“The whole narrative of what life was like for slaves we’re going to have to extrapolate. It is a painful history, but we have to talk about it so we can move in the future — all of us. We need to understand that as human beings we have done things that are crimes against humanity. Everyone is tainted by it. It’s nobody’s fault today. But we can do something about it right now so life is equitable for everyone.”
That includes the people in Hoagland’s native Trenton.
The daughter of a Delaval employee from Georgia and a Mercer Hospital cafeteria worker from South Carolina, Hoagland says she spent most of her preteen and early adulthood in the Miller Homes housing project.
She graduated from Trenton Central High in 1981 and has an associate’s degree in business from Mercer County Community College and a B.A. and M.A. in business administration from Rutgers.
In addition to pursuing a doctorate in organizational leadership at Stockton University, the business consultant, wife, and mother of five adult children served on several regional boards and committees of nonprofit organizations including the New Jersey Association of Black Educators, League of Women Voters of Lawrence Township, Locust Hill Cemetery and Interpretive Center Project, Campaign to End the New Jim Crow-Greater Trenton, Trenton Civic Trust, Fisher/Richey/Perdicaris Historic District Civic Association, and Urban Mental Health Alliance.
She credits two organizations for building the social awareness she hopes to bring to Trent House programming.
Not In Our Town Princeton’s First Monday Conversations were “the first time I was engaged in learning about how the history in our country affects oppressed people. Because I had never taken an African American history class I was never aware of the particulars — realizing that people are being intentional about oppressing other people. And how unbeknownst to ourselves we’re helping to perpetuate the oppression of others.”
The Urban Mental Health Alliance allowed her to explore the trauma experienced by oppressed people and their attempt to normalize it by taking on roles like the “strong black mother” or learning to ignore feelings in order to accommodate the oppressive dominate culture.
She is also grateful for social media. “There is a chance for misinformation that can be shared. But we have the opportunity to research for ourselves,” she says.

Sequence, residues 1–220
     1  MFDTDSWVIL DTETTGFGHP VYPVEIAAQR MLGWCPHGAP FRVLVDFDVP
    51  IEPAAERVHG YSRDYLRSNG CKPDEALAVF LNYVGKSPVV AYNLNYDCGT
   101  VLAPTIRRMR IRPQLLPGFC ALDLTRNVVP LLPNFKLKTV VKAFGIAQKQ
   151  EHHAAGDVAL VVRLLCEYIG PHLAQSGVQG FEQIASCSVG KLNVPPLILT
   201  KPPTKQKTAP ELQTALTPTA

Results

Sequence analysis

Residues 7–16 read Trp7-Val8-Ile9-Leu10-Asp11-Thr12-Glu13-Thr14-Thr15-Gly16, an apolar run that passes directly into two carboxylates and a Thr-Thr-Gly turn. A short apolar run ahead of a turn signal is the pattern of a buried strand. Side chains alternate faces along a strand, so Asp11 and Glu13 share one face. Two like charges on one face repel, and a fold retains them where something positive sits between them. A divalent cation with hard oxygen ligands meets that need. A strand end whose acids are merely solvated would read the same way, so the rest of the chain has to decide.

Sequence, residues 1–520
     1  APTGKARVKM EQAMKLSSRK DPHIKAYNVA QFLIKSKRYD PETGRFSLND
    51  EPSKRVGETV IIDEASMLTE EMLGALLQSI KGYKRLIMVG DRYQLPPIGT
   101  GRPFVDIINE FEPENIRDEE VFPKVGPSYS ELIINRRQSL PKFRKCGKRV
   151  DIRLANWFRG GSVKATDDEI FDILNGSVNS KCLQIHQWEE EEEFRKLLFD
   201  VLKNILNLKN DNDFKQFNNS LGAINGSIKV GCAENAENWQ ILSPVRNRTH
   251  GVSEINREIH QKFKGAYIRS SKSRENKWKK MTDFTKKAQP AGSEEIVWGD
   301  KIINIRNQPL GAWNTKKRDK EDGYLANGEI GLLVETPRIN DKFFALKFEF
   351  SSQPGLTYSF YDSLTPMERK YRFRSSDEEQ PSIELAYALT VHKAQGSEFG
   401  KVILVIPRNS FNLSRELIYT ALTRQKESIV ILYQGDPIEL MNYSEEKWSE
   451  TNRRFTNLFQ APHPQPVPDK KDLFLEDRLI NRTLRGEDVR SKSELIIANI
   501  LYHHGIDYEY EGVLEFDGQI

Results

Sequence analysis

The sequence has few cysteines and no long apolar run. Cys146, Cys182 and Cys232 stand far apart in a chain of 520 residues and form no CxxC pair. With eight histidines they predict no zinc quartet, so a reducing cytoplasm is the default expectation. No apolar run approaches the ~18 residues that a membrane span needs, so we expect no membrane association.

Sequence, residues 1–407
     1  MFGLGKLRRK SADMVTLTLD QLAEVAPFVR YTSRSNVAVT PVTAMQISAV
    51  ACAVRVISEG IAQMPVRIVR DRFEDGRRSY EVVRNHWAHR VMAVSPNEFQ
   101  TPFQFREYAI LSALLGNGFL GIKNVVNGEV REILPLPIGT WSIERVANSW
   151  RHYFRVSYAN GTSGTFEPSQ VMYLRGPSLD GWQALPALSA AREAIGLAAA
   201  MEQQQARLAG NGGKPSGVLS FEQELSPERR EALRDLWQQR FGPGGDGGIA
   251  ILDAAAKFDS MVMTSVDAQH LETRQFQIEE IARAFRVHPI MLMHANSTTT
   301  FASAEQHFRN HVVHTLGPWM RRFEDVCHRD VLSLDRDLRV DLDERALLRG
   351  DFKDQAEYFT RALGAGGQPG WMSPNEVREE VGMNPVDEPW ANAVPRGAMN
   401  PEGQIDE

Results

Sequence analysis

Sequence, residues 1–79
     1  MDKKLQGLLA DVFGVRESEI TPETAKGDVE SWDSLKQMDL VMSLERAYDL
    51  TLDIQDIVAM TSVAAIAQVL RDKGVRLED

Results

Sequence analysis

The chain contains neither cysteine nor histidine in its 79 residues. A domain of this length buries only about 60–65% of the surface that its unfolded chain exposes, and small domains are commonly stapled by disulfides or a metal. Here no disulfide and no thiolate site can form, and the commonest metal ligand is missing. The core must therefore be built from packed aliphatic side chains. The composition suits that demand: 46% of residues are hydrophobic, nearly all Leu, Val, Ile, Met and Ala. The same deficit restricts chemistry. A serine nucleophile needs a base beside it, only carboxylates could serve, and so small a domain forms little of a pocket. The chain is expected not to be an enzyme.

Talking about the challenges she faces at the Trent Houses, she says, “Technology is one. We have to upgrade our Wi-Fi services. We also have to make sure our building has the proper HVAC system. We’re looking at the challenges most museums have: low visitorship.
She says another challenge “is how we tell the whole story, the complete story. Generally we tell the story from the male perspective and look at everything connected to him as property — including his wife and children. We’re trying to tell everyone’s story, including people of African ancestry who were enslaved.
“We want to makes sure we are respectful and sensitive. We had a community advisory committee made up of African Americans who grew up in and around Trenton. One of those members said we don’t want to be just doom and gloom, and we don’t. But we want to be truthful.”
Meanwhile, in addition to updating information on the Trent House website, Hoagland and the board are busy planning for reopening and raising programming funds. “Because the Trent House is owned by the City of Trenton, we provided a proposal on how to reopen and keep our visitors safe. We are waiting for a response from the city.”
They are also taking stock of what other museums are doing to prepare for reopening and begin a strategic plan for future programming — one that touches the community and increases visitors.
“It is important that we be relevant to our community,” she says.
1719 William Trent House Museum, 15 Market Street, Trenton. www.williamtrenthouse.org.